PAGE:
But free Gulf money appears to be drying up, or at least coming into short supply - a reality that Sisi’s public addresses have made clear. In summer 2022, he used a news conference as an opportunity to ask his “brothers in the Gulf” for additional aid. He repeated the plea at other events. 

Later in 2022, Sisi’s tune changed to one of desperation, as he seemed to acknowledge that further Gulf aid was unlikely to come, or at least unlikely to be as substantial as he hoped. In a November speech, he said: “Even our brothers and friends [in the Gulf] have developed a firm conviction that the Egyptian state will be unable to again stand on its own two feet. They also believe that the support they’ve provided [to Egypt] over a period of many years has created a culture of dependency.” 

Sisi’s words were telling, and seemed to suggest that his allies in Riyadh and Abu Dhabi have grown tired of sending money to Egypt with few, if any, positive outcomes. 

Ownership stakes

Although Saudi Arabia and the UAE now appear less willing to provide substantial grants and loans, they have shown a willingness to buy state-owned Egyptian assets, including corporations and banks - something that Sisi critics argue is tantamount to selling off important, revenue-generating Egyptian institutions. 

In 2022, the UAE invested in a number of Egyptian companies, and Saudi Arabia established the Saudi Egyptian Investment Company, which now owns hundreds of millions of dollars worth of shares in Egyptian companies. 

The Egyptian government has also reportedly considered selling the Suez Canal to help repay debts, a possibility that has caused fear and anger among Egyptians. The government has denied it plans to sell the Suez, but for at least two reasons, fears over selling the canal might be justified. 

Sisi and his tightly controlled media apparatus have tried frantically to get Egyptians to stop complaining about ongoing poverty

Firstly, as mentioned, both the UAE and Saudi Arabia have already taken ownership stakes in key Egyptian state-owned assets. Secondly, Sisi has already transferred two Egyptian Islands, Tiran and Sanafir, to Saudi Arabia, reportedly in return for continued Saudi economic support.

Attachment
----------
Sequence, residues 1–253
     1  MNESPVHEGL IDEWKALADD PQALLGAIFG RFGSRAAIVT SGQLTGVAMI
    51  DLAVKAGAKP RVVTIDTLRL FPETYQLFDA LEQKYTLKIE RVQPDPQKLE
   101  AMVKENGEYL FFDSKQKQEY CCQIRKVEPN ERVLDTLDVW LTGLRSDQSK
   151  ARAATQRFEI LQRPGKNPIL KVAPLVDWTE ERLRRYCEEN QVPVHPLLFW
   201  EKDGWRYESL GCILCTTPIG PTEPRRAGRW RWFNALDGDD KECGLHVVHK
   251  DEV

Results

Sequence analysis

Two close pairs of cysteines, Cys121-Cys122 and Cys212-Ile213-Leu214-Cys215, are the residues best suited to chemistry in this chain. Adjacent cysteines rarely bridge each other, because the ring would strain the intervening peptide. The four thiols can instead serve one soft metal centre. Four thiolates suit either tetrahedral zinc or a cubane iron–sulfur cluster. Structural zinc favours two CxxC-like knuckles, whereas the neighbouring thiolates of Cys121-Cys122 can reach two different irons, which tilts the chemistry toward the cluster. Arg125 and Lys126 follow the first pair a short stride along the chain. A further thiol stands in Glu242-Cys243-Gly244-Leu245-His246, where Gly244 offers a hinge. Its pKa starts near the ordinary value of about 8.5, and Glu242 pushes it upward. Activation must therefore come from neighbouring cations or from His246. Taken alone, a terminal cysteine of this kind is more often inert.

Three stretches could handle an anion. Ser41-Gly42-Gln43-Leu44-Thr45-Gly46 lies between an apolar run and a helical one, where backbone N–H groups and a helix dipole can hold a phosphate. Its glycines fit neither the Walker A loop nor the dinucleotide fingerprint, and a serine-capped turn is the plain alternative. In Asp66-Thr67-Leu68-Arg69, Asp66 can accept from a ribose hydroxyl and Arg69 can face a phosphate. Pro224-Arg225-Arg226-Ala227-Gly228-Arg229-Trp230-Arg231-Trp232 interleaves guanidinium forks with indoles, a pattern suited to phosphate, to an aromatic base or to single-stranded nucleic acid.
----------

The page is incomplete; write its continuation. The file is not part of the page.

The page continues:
Sisi’s pleas of desperation have to be read in the context of other recent discourses, some of which suggest he is deeply worried about his fate, and specifically about the possibility of another popular revolt. 

Sisi and his tightly controlled media apparatus have tried frantically to get Egyptians to stop complaining about ongoing poverty. In a November interview, Sisi said that “Egypt, in its current situation, cannot afford [criticism]”. He also said that “the words [of criticism] being spoken … are very upsetting”. 

During the same interview, Sisi asserted that Egyptians suffer from a “lack of understanding” about political realities, and that “those who don’t know shouldn’t speak”. In multiple recent speeches, he has also commanded Egyptians to “stop with the empty talk”. 

The admonitions to stop criticism are not new. For years, Sisi has lamented critical media coverage and referred to critics as ahl al-shar, or "the people of evil". In an older speech, Sisi famously said: “Do not listen to anyone but me.” 

Revealing admonitions

Sisi has also used recent public addresses as a chance to describe the allegedly extraordinary efforts his government has made to rescue Egypt from catastrophe, and to imply that Egypt’s problems are too big to solve. 

In an address last month, Sisi said: “I swear to God that no one would be able to do more than what we are doing.” In an earlier speech, he argued that “no president in the world would be able to solve these problems”. In other speeches, Sisi has suggested that Egypt’s problems are impenetrable, noting that past presidents were also unable to solve them. 

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Most telling, perhaps, are Sisi’s comments about the mass protests that began on 25 January 2011. His comments have been highly critical and represent a significant departure from earlier Egyptian discourses, which have most often celebrated the “glorious revolution” as a display of Egyptian courage and honour. 

More than anything, Sisi’s remarks suggest that he is concerned about the possibility of another uprising. As I documented in a November column, Sisi has warned Egyptians specifically against protesting, saying that the path of national protest “scares me”, that it could “bring any nation to its knees”, and that it should “not ever be repeated [in Egypt]”. 

These remarks, and others, suggest Sisi is deeply concerned. If he didn’t think mass protests were a realistic possibility, there would be no need to issue these kinds of regular admonitions. 

It is true that Sisi has consolidated power over all state institutions, made the prospect of protesting at city squares more daunting, and created an atmosphere of fear. For all of these reasons, perhaps, past calls for protest, including those for last November, failed to generate momentum. 

Nonetheless, it would be foolish to rule out the possibility of another uprising. 

When the people become desperate enough, it likely won’t matter how large or intimidating the security presence around the city squares is, nor will it matter how far away the new capital city is. 

Sisi’s own words suggest that even he understands this. 

The views expressed in this article belong to the author and do not necessarily reflect the editorial policy of Middle East Eye.

Mohamad Elmasry is an associate professor of media studies at the Doha Institute for Graduate studies